A state appeals board crushed plans for a rock quarry on Dead Indian Memorial Road this week, citing potential traffic problems along the mountainous route.

This is the second time the Land Use Board of Appeals has issued an opinion against a proposed aggregate operation that has pitted landowner Joe Dauenhauer against neighbors along Dead Indian.


We obviously respect LUBA, but it is a disappointing decision,&

said Grants Pass attorney Duane Schultz, who represents Dauenhauer.

Tom Kane, one of three organizers for opposition to the quarry, along with Laurel Miller and Donna Shu, said he was pleased with the news of LUBA's decision.



re confident that the entire Ashland community feels a bit safer now when they travel Dead Indian Memorial Road.&



re thrilled with the decision,&

said Miller, one of about 100 neighbors who have protested the project with Jackson County.

She said LUBA&

s opinion upheld a ruling last year by county hearings officer Donald Rubenstein, who also expressed concern about traffic on the winding rural road with steep slopes.


LUBA was pretty clear about the decision of the hearings officer,&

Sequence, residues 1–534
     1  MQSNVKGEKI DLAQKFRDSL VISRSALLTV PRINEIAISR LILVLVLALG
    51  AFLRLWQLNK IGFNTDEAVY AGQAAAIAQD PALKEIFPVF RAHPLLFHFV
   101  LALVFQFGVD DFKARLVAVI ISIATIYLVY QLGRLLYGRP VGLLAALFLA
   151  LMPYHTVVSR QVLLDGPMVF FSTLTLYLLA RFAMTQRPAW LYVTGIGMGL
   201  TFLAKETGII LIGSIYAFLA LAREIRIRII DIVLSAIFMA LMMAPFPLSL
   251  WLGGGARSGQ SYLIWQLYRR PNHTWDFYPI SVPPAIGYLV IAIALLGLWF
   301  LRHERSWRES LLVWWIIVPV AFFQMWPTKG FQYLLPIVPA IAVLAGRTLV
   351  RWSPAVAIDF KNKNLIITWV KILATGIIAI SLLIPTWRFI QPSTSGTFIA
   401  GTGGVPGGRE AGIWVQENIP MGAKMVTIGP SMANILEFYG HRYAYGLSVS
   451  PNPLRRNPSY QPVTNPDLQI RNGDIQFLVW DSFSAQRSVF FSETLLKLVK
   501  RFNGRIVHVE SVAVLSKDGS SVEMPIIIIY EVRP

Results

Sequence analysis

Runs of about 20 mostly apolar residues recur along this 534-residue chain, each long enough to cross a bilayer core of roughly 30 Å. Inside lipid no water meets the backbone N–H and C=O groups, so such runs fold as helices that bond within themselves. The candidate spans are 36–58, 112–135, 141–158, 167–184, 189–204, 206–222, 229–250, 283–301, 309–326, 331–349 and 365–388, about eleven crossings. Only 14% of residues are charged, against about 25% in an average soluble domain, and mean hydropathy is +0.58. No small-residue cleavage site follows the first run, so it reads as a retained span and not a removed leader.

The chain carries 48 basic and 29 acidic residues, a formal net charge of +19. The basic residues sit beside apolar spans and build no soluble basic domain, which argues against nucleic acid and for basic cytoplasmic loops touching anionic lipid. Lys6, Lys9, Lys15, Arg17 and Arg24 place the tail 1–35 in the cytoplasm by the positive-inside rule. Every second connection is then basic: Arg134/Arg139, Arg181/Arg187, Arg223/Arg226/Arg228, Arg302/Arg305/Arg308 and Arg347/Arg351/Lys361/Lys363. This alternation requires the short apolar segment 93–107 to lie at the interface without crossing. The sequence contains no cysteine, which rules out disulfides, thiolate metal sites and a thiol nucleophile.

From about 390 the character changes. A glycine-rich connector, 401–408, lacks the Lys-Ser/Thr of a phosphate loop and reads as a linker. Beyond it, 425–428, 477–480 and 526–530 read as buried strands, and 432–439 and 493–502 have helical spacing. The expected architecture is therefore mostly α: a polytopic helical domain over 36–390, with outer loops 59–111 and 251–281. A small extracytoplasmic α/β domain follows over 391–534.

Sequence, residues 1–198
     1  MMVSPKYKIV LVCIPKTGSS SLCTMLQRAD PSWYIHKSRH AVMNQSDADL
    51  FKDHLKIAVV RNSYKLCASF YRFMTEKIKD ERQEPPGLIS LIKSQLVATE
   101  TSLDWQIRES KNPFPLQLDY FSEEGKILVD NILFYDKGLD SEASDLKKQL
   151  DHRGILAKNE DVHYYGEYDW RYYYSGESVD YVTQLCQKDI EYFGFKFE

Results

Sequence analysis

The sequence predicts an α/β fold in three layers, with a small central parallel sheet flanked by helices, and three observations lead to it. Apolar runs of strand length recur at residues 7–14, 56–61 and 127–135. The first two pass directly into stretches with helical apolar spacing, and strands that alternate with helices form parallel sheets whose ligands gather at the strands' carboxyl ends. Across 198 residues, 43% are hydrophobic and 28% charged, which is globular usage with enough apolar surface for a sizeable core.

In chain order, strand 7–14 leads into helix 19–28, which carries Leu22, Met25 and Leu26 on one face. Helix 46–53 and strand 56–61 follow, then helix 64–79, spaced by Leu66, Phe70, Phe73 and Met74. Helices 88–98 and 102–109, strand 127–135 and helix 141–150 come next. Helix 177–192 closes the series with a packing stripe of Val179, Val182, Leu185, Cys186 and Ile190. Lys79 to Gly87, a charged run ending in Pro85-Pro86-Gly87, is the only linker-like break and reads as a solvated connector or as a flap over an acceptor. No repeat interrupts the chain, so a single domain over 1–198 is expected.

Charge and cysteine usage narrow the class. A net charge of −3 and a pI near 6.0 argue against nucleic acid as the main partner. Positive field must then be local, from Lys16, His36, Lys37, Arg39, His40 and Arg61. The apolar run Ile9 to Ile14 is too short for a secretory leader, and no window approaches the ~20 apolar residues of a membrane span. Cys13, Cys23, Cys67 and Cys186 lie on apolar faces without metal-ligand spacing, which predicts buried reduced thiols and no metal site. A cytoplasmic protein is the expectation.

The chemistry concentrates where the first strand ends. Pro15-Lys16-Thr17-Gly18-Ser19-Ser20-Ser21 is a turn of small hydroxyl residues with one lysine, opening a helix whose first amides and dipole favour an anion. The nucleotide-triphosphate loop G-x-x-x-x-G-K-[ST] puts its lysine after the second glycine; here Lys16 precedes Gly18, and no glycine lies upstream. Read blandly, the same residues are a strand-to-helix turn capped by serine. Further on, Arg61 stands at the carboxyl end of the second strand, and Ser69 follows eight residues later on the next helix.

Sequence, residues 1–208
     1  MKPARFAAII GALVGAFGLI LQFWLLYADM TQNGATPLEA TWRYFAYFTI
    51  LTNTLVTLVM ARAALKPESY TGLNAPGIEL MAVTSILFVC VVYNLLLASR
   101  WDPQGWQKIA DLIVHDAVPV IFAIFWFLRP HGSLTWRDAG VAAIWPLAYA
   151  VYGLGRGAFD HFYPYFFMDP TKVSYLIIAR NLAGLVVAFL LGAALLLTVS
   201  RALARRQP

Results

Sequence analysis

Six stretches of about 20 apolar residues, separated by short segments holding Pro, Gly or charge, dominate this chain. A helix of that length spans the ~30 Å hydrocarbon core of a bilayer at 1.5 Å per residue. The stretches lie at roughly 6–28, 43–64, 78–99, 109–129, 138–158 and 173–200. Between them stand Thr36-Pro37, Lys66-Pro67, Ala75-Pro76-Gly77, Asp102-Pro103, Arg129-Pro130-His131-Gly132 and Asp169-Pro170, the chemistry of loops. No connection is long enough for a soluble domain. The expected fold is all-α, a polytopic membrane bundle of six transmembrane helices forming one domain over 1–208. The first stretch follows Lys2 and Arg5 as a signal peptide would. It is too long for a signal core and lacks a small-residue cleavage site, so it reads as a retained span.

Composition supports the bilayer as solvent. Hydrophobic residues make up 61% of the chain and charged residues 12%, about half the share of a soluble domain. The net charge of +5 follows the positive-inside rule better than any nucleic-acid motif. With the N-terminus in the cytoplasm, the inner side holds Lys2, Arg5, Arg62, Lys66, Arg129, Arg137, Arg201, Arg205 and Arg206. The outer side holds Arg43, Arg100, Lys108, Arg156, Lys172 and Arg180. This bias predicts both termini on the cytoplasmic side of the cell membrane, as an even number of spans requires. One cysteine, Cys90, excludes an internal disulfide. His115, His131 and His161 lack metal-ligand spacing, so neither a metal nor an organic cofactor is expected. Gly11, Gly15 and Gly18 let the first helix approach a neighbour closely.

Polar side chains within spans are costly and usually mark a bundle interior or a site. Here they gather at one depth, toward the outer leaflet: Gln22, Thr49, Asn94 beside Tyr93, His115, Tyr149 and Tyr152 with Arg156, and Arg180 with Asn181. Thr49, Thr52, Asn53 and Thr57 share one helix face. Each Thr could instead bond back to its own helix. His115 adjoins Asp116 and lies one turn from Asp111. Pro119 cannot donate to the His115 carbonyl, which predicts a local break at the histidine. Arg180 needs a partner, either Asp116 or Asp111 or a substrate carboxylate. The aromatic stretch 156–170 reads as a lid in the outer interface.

she said. &

He didn&

t extend his reach.&

Medford attorney Mark Bartholomew, who represents Miller and neighbor Tom Kane, said the LUBA opinion clearly specifies that Dauenhauer didn&

t adequately address off-site traffic concerns.

Dauenhauer proposes excavating about 45 acres that have been zoned aggregate resource by the county.

Dauenhauer first attempted to establish a quarry operation at his property in the mid-1990s, leading to the eventual rezoning from exclusive farm use to aggregate resource.

Neighbors appealed the county approval to LUBA, which decided in their favor and sent the matter back to the county hearings officer in 2003. Dauenhauer has since dropped plans for a 24-hour-a- day asphalt operation.

Schultz said his client hasn&

t decided what the next step will be, but he foresees an appeal of the LUBA decision to the state Court of Appeals.

He said his client could either drop the idea or submit a whole new application to the county, which would require an expensive traffic study.



s up to my client and his family to decide,&

he said.

Dauenhauer said Tuesday that he wasn&

t aware of the LUBA ruling and preferred not to comment.

Schultz understands that neighbors have concerns about the proposed rock plant. &

The need for these raw materials is not going to go away,&

he said. &

Roads are made up of raw materials from properties like this.&